4. Rely on talent alone
Talent is great, it makes the sport easier to learn for some than for others. However, everyone eventually faces an opponent where talent alone isn’t enough to earn the victory. In fact, sometimes talent is a curse for a player who views his or her ability as “enough” to get results. Talent, work ethic, on-court intelligence, and the ability to compete (detailed in point number five) are all crucial factors in player development.

5. Lack competitive intensity
If you ask anyone what percentage of a match is about competing, and what percent is about playing your best, the answer always comes back that competing is more important. Brad Gilbert, author of Winning Ugly, spoke about how essential it is to scrap, battle and fight no matter what the circumstances. It’s extremely rare that someone is able to play their best all the time. However, a player can always control how ferociously they compete.

6. Lose composure
Sure, if you’re the favorite, everybody is expecting you to win. Therefore, when things get close, the underdog is inspired, while for you, the frustration kicks in. Before you know it, the negative self-talk begins, the racket flies, and suddenly you have lost control on the court. The favorite always has to be prepared to give a full effort, remain focused, and work for every point, no matter what the level of player they are competing against. Without this mindset, expect an upset.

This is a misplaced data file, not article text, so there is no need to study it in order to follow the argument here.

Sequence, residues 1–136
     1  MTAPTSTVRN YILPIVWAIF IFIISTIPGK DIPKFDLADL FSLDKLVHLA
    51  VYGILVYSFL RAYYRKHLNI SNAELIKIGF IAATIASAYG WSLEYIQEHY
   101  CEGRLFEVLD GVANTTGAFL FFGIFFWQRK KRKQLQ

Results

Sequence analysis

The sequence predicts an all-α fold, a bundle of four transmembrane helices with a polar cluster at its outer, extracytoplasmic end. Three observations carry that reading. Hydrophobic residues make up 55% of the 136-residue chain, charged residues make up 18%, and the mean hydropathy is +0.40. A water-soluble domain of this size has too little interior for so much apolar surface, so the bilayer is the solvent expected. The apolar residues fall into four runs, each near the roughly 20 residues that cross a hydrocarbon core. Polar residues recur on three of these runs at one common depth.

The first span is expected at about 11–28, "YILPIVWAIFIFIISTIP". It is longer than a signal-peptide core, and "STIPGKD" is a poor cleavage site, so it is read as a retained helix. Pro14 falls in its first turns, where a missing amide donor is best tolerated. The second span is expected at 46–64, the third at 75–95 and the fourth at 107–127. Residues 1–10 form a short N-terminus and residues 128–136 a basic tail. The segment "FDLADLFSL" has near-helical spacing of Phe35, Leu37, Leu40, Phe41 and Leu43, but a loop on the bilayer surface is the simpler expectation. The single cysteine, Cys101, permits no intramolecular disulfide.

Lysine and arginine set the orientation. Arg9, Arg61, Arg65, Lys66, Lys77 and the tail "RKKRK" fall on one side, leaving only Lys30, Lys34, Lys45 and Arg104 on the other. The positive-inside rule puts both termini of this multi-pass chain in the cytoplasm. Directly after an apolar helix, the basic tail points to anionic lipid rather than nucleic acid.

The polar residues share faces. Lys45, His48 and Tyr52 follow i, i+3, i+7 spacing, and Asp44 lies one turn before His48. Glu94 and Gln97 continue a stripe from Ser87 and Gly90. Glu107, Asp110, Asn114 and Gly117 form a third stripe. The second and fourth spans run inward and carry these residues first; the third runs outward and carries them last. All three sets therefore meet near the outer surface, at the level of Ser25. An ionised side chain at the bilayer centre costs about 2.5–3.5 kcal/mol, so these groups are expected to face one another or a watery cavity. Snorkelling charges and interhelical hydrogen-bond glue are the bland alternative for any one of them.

7. Awareness
Oftentimes, the favorite is not even aware of what is happening on the court in regards to tactics and strategy. This is particularly the case because they have a pre-conceived notion of how the match should play out. Once again, their focus is in the past/future and they are playing to an ideal instead of playing in the present. It's important to play the match with no preconceived notions except that you will compete fully and attempt to play your best. This will put the player in a state of curious presence and allow them the calm to see what's unfolding before them. This open mindset will allow the player to be relaxed enough to make necessary adjustments.

As a favorite, it is important to remember that you must focus on the present, compete and let go of uncontrollable expectations. The famous Tiki Barber, former football player for the New York Giants and current NBC analyst, was once asked what his mother said to him before games. Tiki replied that, regardless of whether he was a favorite or an underdog, “She told me to play proud.” These words are simple, empowering, and show respect to the person, opponent and game—a perfect mindset for entering any match.

Rob Polishook

Rob Polishook, MA, CPC is the founder of Inside the Zone Sports Performance Group. As a mental training coach, he works with athletes helping them to unleash their mental edge through mindfulness, somatic psychology  and mental training skills. Rob is author of 2 best selling books: Tennis Inside the Zone and Baseball Inside the Zone: Mental Training Workouts for Champions. He can be reached by phone at (973) 723-0314, by e-mail rob@insidethezone.com, by visiting insidethezone.com, or following on Instagram @insidethezone.